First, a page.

"Companies with branch networks have high cost bases and very fine margins which new competitors can undercut. Standard Life's mortgage operation costs pounds 20m to run, compared with pounds 900m for the Halifax. It doesn't take a genius to see who has a cost advantage."

But this process will take time, because of the size of some organisations. Ian Brown adds: "It is possible to argue the Halifax has a breathing space because it has already built up a big book of business to cross- subsidise its other services. But that lasts only for a limited amount of time and one questions whether it is a good way to build a brand."

Tim Rees says: "One of the ironies is that you have banking services with margin pressures and new entrants such as Standard Life coming in, yet the natural place for them is the savings market, which has more attractive demographics but is, itself, coming under increasing margin pressure."

Chris Burvill adds: "We are not big fans of the mortgage banks. Although they are in a highly profitable business, they will come under increasing pressure. But for the retail banks , trading conditions still look healthy and demand for corporate loans remains strong."Ian Brown says: "Banks need IT expertise, which means the most attractive are Bank of Scotland and Royal Bank of Scotland, which are head and shoulders above the rest in providing banking services for non-banking businesses."

Chris Burvill says: "If you want to benefit from growth in equity markets, then insurance companies are not a bad play. You not only get exposure to the equity markets from the company's underlying portfolio, you also get income from the portfolio and the insurance premiums.

"Unfortunately, the market doesn't tend to agree and the insurers aren't rated as highly as they ought to be. You are starting to get better news, certainly on the general insurance side, with premium rates increasing and some rates on motor business at extremely high levels.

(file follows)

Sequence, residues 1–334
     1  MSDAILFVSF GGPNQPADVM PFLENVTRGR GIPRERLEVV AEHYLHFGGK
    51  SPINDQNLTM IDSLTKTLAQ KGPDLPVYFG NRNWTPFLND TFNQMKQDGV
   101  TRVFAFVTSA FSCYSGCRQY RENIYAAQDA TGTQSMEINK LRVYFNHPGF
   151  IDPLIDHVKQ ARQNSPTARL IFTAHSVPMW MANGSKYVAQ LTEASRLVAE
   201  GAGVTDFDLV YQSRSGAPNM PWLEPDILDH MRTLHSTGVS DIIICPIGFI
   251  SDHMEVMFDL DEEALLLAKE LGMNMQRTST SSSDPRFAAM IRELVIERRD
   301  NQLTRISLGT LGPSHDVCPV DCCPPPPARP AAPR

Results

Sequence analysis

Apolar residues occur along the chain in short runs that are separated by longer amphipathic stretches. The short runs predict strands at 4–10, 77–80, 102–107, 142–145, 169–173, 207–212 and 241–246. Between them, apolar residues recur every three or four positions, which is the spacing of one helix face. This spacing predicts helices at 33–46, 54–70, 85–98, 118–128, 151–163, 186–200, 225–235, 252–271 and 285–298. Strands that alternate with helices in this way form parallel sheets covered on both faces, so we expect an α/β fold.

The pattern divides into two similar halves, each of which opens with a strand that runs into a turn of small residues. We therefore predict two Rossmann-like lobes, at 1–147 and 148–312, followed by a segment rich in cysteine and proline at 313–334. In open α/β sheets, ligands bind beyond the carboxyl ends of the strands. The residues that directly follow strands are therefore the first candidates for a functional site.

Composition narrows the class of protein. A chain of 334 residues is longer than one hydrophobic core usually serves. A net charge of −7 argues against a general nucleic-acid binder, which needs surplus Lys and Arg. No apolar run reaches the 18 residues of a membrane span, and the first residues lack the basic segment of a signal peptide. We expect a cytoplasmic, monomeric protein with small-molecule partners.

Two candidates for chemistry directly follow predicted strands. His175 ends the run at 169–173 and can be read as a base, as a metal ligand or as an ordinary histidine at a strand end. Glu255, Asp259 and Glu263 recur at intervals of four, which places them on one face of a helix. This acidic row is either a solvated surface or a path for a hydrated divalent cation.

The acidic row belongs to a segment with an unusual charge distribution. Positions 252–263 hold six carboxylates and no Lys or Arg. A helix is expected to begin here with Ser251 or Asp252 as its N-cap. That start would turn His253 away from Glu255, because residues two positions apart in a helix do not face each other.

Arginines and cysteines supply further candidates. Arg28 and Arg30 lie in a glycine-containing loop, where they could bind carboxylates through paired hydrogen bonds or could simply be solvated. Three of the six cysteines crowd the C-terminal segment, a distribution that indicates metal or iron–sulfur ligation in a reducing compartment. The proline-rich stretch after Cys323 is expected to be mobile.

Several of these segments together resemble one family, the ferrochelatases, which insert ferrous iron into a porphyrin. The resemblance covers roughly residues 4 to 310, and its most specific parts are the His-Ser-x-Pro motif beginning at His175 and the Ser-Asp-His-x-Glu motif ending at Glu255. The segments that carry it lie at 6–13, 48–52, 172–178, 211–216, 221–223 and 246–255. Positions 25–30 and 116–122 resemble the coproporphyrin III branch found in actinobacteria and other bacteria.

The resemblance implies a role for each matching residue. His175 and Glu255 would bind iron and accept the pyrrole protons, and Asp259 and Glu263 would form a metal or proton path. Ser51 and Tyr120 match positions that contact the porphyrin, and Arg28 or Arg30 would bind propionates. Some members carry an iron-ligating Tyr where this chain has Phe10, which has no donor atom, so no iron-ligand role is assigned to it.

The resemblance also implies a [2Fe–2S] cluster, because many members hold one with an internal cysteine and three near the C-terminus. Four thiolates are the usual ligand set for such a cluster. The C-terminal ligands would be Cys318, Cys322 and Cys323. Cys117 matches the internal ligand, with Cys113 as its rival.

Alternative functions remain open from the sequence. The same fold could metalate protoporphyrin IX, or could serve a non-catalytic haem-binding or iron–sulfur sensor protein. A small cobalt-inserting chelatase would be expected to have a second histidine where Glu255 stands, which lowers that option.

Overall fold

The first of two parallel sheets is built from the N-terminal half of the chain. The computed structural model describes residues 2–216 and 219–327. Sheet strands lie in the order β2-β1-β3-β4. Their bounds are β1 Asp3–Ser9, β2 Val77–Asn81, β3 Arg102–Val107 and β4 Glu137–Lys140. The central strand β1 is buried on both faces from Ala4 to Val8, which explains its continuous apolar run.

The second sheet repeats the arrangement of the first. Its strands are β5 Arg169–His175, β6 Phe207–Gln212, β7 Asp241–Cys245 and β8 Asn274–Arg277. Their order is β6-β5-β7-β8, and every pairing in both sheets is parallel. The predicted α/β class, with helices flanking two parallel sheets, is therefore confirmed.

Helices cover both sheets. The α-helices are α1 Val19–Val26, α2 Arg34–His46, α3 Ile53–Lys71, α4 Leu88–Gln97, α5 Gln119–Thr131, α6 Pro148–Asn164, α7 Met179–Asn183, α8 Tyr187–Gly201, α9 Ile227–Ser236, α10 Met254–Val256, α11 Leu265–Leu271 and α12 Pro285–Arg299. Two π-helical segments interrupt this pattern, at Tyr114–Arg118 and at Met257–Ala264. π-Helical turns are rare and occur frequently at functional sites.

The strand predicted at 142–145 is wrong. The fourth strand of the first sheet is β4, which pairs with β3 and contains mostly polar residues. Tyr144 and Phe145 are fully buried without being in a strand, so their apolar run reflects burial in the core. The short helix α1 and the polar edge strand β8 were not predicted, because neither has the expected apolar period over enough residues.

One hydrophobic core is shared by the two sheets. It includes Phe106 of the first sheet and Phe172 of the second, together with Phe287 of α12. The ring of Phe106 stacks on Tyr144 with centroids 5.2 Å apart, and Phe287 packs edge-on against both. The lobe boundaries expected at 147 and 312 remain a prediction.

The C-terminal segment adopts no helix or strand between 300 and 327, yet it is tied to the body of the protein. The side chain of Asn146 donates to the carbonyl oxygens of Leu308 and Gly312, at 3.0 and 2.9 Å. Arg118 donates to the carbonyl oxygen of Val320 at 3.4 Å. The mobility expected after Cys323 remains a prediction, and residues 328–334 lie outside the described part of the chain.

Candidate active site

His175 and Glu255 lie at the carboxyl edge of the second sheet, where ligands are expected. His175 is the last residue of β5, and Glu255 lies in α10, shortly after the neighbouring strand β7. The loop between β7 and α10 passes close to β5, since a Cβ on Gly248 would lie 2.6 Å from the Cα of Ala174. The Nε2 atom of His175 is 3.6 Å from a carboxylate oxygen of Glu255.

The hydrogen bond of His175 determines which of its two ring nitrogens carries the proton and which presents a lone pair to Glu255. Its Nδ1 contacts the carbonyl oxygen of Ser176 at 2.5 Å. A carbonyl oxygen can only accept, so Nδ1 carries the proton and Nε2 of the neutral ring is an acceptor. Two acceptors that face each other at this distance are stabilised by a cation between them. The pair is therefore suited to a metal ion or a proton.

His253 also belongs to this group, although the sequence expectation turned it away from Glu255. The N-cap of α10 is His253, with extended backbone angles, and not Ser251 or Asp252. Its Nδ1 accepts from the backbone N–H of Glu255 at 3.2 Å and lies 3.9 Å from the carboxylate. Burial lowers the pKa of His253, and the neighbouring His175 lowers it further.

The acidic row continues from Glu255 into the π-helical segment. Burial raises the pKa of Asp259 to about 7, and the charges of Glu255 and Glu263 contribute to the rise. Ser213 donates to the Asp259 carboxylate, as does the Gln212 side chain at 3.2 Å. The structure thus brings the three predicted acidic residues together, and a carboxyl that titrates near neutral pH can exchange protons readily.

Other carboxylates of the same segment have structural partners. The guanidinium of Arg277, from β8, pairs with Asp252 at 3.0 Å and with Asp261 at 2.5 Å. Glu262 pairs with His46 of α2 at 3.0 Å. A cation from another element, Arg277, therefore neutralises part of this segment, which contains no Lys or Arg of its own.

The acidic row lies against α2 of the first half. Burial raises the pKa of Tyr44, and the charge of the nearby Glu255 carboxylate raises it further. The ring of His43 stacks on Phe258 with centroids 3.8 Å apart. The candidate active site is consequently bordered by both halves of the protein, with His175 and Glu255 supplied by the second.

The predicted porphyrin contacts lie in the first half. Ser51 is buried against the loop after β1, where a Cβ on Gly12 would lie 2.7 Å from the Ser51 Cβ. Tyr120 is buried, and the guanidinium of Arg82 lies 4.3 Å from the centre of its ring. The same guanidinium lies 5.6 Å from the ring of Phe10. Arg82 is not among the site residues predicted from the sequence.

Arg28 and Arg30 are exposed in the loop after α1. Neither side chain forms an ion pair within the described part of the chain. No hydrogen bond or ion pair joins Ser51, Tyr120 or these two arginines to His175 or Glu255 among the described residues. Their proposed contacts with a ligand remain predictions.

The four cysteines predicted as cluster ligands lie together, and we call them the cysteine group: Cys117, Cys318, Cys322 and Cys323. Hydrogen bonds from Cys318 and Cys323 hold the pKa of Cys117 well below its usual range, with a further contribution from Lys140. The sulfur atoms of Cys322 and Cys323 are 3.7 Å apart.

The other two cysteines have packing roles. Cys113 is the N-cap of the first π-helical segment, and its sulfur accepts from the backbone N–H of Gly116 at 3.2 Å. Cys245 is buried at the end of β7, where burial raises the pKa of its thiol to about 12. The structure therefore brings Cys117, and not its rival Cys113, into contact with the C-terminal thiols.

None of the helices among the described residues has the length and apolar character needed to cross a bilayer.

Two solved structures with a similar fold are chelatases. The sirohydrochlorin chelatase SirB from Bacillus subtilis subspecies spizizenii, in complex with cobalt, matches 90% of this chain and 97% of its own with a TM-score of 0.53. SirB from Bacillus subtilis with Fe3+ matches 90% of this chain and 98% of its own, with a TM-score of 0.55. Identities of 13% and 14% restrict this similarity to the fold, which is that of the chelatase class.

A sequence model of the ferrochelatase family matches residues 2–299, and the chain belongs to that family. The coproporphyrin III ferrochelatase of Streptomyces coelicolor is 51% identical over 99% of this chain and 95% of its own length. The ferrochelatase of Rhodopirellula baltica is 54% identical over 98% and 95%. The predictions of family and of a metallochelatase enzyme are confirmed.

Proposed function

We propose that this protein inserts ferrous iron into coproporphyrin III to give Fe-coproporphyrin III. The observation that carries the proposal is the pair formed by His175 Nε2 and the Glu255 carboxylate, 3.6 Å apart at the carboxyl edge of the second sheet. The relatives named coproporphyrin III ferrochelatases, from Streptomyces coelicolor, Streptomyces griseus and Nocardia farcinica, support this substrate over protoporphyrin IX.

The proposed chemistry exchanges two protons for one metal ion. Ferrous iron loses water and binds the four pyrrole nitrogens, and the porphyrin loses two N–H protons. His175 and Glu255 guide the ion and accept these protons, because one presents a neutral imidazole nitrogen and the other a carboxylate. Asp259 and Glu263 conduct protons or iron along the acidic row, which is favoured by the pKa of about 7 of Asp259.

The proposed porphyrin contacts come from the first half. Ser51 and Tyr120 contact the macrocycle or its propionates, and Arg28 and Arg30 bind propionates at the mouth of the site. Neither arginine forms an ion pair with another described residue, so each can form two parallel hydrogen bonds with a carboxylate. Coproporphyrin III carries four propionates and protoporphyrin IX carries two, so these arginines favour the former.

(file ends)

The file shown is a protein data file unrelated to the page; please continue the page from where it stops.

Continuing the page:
"We reckon CGU, for example, is an extremely undervalued company. Life assurance is more complicated as companies are clearly more highly rated and their business will come under greater pressure, particularly in the light of a more difficult and complex pension market. So we favour composite insurers over the life companies."

Ian Brown says: "Prices are too high for the maths to stack up at present. You may get mergers where both partners can benefit from stripping out costs, but you are unlikely to see anyone coming in and paying a premium price."

There are exceptions, he adds. "Northern Rock has a small branch network and a highly developed mortgage business, but it has been forced out of the savings market by Egg and the like. Putting a savings-rich institution with a competitive mortgage provider like Northern Rock would make sense."

Tim Rees says: "The timing of these things is impossible to determine and depends on managements. Some will be forced to seek a merger because of their regulatory or financial position and others will be more pro- active way, seeking the right deal for their shareholders or policyholders."

Ian Brown says: "The future is branchless banking, so the mortgage banks have a problem. The older high street banks may benefit, because of cost savings in switching to electronic banking. In the long term, it is hard to see a positive endgame for these banks."

Chris Burvill says: "You have to be cautious of the financial sector. We know that financials are highly geared into the market and UK fund managers are always cautious of prospects for the market."